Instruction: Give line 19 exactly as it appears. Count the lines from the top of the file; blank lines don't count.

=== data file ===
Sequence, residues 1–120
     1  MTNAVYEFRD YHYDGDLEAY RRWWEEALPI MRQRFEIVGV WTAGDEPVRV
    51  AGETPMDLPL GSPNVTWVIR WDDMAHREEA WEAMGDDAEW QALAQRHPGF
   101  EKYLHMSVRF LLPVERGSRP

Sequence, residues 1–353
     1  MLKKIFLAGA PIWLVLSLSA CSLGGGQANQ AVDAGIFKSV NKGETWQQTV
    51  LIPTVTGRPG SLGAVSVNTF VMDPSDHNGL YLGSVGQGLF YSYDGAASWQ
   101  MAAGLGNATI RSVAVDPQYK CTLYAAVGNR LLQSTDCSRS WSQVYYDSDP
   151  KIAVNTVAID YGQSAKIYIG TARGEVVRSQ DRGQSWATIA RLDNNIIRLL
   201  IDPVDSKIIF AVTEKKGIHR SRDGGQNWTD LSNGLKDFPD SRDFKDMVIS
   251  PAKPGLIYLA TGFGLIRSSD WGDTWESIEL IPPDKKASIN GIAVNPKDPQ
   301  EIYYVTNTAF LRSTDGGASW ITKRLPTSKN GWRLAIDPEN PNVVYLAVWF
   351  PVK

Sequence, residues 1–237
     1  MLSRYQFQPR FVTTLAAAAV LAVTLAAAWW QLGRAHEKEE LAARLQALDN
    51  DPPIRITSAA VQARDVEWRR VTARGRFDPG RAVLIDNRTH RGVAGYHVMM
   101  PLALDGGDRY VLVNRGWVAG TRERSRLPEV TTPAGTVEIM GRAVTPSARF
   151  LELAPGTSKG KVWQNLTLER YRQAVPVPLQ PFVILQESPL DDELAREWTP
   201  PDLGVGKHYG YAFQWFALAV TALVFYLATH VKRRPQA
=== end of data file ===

   201  PDLGVGKHYG YAFQWFALAV TALVFYLATH VKRRPQA